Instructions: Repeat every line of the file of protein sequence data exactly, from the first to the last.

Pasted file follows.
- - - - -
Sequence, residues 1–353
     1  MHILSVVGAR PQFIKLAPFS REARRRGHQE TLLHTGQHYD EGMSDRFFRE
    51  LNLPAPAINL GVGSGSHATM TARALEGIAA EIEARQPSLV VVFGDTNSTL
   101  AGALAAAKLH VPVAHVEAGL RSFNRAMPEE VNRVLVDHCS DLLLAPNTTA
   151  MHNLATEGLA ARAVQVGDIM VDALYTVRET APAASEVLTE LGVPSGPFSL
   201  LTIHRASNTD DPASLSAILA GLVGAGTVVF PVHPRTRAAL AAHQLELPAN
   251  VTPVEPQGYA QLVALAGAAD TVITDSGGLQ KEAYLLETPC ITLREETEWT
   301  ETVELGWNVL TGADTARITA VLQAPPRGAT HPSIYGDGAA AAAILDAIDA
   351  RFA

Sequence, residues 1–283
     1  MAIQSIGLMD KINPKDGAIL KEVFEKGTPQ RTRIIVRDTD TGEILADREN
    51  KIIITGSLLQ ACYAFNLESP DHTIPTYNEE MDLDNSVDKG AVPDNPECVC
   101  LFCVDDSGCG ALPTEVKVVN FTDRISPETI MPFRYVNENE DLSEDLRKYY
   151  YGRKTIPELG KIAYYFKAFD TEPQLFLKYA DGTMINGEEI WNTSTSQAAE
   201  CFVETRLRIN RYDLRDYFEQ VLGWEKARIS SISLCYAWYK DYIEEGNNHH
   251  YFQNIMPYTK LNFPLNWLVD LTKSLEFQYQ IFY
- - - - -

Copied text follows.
Sequence, residues 1–353
     1  MHILSVVGAR PQFIKLAPFS REARRRGHQE TLLHTGQHYD EGMSDRFFRE
    51  LNLPAPAINL GVGSGSHATM TARALEGIAA EIEARQPSLV VVFGDTNSTL
   101  AGALAAAKLH VPVAHVEAGL RSFNRAMPEE VNRVLVDHCS DLLLAPNTTA
   151  MHNLATEGLA ARAVQVGDIM VDALYTVRET APAASEVLTE LGVPSGPFSL
   201  LTIHRASNTD DPASLSAILA GLVGAGTVVF PVHPRTRAAL AAHQLELPAN
   251  VTPVEPQGYA QLVALAGAAD TVITDSGGLQ KEAYLLETPC ITLREETEWT
   301  ETVELGWNVL TGADTARITA VLQAPPRGAT HPSIYGDGAA AAAILDAIDA
   351  RFA

Sequence, residues 1–283
     1  MAIQSIGLMD KINPKDGAIL KEVFEKGTPQ RTRIIVRDTD TGEILADREN
    51  KIIITGSLLQ ACYAFNLESP DHTIPTYNEE MDLDNSVDKG AVPDNPECVC
   101  LFCVDDSGCG ALPTEVKVVN FTDRISPETI MPFRYVNENE DLSEDLRKYY
   151  YGRKTIPELG KIAYYFKAFD TEPQLFLKYA DGTMINGEEI WNTSTSQAAE
   201  CFVETRLRIN RYDLRDYFEQ VLGWEKARIS SISLCYAWYK DYIEEGNNHH
   251  YFQNIMPYTK LNFPLNWLVD LTKSLEFQYQ IFY